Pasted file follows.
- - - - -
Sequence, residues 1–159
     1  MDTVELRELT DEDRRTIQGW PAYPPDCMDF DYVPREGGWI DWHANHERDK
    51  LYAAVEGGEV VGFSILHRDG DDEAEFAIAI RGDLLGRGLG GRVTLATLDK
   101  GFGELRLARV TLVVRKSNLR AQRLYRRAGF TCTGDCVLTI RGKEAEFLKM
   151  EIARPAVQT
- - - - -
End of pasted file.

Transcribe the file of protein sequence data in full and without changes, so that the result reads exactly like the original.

Sequence, residues 1–159
     1  MDTVELRELT DEDRRTIQGW PAYPPDCMDF DYVPREGGWI DWHANHERDK
    51  LYAAVEGGEV VGFSILHRDG DDEAEFAIAI RGDLLGRGLG GRVTLATLDK
   101  GFGELRLARV TLVVRKSNLR AQRLYRRAGF TCTGDCVLTI RGKEAEFLKM
   151  EIARPAVQT